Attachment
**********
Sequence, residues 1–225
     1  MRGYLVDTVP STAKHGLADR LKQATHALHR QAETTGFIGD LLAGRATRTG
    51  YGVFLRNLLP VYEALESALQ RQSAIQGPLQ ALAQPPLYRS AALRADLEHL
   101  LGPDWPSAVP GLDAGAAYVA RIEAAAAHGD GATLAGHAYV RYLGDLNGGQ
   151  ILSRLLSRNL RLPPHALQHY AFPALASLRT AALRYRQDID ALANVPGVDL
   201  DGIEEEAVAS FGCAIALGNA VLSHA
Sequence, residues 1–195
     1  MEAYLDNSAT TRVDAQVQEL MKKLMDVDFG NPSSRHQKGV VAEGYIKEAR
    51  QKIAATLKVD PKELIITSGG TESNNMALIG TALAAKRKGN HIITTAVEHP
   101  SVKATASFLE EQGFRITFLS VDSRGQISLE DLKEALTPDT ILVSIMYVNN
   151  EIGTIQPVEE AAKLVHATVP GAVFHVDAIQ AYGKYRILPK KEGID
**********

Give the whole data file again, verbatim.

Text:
Sequence, residues 1–225
     1  MRGYLVDTVP STAKHGLADR LKQATHALHR QAETTGFIGD LLAGRATRTG
    51  YGVFLRNLLP VYEALESALQ RQSAIQGPLQ ALAQPPLYRS AALRADLEHL
   101  LGPDWPSAVP GLDAGAAYVA RIEAAAAHGD GATLAGHAYV RYLGDLNGGQ
   151  ILSRLLSRNL RLPPHALQHY AFPALASLRT AALRYRQDID ALANVPGVDL
   201  DGIEEEAVAS FGCAIALGNA VLSHA
Sequence, residues 1–195
     1  MEAYLDNSAT TRVDAQVQEL MKKLMDVDFG NPSSRHQKGV VAEGYIKEAR
    51  QKIAATLKVD PKELIITSGG TESNNMALIG TALAAKRKGN HIITTAVEHP
   101  SVKATASFLE EQGFRITFLS VDSRGQISLE DLKEALTPDT ILVSIMYVNN
   151  EIGTIQPVEE AAKLVHATVP GAVFHVDAIQ AYGKYRILPK KEGID